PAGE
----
Munich - Few players have enjoyed more success and a quicker rise to the top of the game than Borussia Mönchengladbach striker in recent years.

In a little over 12 months, the 25-year-old went from being a hot prospect in Bundesliga 2 to one of the Bundesliga's most prolific forwards. He’s also become a full German international for good measure. bundesliga.com takes a closer look at just how he did it...

Plucked from St Pauli


On 6 May 2012, the final day of the 2011/12 season, Kruse celebrated scoring his 13th goal of the campaign in a 5-0 win for FC St Pauli over SC Paderborn 07, as die Kiezkicker finished sixth in the table. Just a few days later, he agreed a transfer to SC Freiburg, returning to the Bundesliga, where he had begun his career with Werder Bremen.

“In Max Kruse we have acquired a goalscoring midfielder with top-flight experience,” said Freiburg’s sporting director at the time, Dirk Dufner. Little did he know just how good an acquisition it would turn out to be.

Positional change, extraordinary development


Kruse is no longer an attacking midfielder but a striker in his own right. After playing either as part of a two-man strike-force or behind a lone frontman at Freiburg, the left-footer is now the undisputed leader of the Mönchengladbach attack, operating just ahead of Brazilian midfield schemer Raffael. His development in moving further up the pitch has been remarkable, and with eight goals in the first half of this season, his maturity into a centre forward has been remarkable.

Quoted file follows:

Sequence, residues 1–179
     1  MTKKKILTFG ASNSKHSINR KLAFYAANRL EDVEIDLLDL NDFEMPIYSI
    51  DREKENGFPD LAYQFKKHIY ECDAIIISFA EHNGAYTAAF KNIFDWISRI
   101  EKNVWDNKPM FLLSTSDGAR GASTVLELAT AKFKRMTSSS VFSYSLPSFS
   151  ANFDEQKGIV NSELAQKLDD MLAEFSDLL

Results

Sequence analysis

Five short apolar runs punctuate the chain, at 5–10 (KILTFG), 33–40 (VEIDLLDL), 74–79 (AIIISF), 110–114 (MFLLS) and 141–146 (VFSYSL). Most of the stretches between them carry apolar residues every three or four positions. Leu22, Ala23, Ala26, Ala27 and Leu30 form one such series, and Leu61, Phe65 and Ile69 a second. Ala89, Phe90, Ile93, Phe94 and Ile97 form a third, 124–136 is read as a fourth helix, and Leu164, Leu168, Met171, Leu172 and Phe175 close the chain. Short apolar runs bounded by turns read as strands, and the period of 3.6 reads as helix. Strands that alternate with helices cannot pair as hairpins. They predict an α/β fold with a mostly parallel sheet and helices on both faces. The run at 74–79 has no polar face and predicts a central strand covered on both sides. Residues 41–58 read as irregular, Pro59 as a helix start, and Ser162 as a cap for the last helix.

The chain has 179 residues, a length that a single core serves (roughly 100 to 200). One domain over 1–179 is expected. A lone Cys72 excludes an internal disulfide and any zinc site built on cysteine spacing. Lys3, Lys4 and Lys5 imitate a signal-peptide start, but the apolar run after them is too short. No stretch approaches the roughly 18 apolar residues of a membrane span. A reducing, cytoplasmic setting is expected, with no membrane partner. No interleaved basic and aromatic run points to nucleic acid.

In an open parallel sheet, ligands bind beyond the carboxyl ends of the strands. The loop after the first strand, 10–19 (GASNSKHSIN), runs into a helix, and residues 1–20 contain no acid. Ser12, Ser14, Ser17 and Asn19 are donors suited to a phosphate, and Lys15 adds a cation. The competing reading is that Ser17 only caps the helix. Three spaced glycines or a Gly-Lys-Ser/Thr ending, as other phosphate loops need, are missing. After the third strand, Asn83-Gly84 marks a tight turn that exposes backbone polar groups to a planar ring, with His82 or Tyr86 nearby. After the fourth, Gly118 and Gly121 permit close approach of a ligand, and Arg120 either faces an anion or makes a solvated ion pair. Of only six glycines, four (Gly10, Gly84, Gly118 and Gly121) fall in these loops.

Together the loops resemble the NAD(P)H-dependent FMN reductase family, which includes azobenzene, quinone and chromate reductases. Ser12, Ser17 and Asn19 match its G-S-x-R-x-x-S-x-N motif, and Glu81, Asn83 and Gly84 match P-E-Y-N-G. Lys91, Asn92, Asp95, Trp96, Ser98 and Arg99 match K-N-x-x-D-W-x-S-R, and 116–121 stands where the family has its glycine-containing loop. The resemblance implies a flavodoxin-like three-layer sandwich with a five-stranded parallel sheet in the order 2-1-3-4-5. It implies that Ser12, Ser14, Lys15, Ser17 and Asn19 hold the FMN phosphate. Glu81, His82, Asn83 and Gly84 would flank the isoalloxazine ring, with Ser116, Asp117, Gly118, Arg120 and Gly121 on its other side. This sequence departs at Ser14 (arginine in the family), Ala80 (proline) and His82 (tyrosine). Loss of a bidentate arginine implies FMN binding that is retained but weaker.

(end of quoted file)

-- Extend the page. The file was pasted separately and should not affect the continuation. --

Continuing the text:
Kruse's previous "top-flight experience", as Dufner put it, is somewhat misleading. He was on the Bremen books between 2005 and 2009, but made just one Bundesliga appearance, a substitute cameo in an 8-1 win over DSC Arminia Bielefeld in September 2007. With that in mind, his seamless adaptation to the Bundesliga in Freiburg (he chalked up eight assists alongside his goal haul to spearhead a successful push for UEFA Europa League qualification) is even more impressive.

Gladbach goal machine


In the current campaign, Kruse's performances for the Foals have moved to another level. Together with Raffael, he is playing some of the most dynamic attacking football the Borussia faithful have seen in years, and not dissimilar to that which marked out former Gladbach star Marco Reus in his final year at the club in 2011/12.

Comparisons with Reus may be hard to avoid, but Kruse insists he is simply a cog of a well-oiled machine. “It’s not for me to say [whether I’m a key player here]. I have my place in the side, I’ve been well received and I’m enjoying myself here. I just try to help the team.”

Feet on the ground


After making his international in May 2013 and scoring his first goal for his country in a friendly against USA shortly afterwards, Kruse can certainly reckon on being involved for Germany as at the 2014 FIFA World Cup. “I’ve been impressed with Max Kruse,” said Germany coach Joachim Löw. “He is a talented, clever player who makes things happen.”

Yet for Reinbek-born Kruse, just being involved with the squad is reason enough to appreciate how he far he has come since his final game for St Pauli.

You can see Kruse's cool finish against Borussia Dortmund on Matchday 25 here, courtesy of the Bundesliga's official YouTube channel.